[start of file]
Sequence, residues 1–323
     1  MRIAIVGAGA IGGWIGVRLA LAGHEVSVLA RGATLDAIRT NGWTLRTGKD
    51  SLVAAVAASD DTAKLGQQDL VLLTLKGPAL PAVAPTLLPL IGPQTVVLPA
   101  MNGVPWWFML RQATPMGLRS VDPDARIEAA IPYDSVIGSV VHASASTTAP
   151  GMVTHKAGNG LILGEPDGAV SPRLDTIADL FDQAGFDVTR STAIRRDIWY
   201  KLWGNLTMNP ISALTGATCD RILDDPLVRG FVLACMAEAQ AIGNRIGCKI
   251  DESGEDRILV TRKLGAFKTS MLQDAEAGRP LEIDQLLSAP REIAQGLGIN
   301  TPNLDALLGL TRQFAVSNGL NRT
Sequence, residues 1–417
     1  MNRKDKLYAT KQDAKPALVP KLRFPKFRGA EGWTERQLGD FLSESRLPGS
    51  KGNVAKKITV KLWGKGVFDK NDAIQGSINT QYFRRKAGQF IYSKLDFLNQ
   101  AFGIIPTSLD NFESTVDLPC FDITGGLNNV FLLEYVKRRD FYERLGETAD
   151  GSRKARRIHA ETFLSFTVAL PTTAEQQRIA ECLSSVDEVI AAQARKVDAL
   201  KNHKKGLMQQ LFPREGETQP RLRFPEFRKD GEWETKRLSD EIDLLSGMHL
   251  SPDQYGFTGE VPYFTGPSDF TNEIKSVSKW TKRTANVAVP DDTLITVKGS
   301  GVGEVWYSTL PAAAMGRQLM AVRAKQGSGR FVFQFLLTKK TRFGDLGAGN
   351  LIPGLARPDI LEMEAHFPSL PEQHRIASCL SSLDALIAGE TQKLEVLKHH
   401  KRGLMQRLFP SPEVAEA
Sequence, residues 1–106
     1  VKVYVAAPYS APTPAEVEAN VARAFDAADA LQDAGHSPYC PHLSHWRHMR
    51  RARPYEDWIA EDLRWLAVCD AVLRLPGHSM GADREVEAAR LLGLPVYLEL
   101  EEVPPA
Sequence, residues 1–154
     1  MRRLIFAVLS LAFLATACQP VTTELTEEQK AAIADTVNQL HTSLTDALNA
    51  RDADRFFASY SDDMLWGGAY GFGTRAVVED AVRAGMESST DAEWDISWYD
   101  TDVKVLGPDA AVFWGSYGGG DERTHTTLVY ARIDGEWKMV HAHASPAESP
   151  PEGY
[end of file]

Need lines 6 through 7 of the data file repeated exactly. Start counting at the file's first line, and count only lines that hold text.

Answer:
   201  KLWGNLTMNP ISALTGATCD RILDDPLVRG FVLACMAEAQ AIGNRIGCKI
   251  DESGEDRILV TRKLGAFKTS MLQDAEAGRP LEIDQLLSAP REIAQGLGIN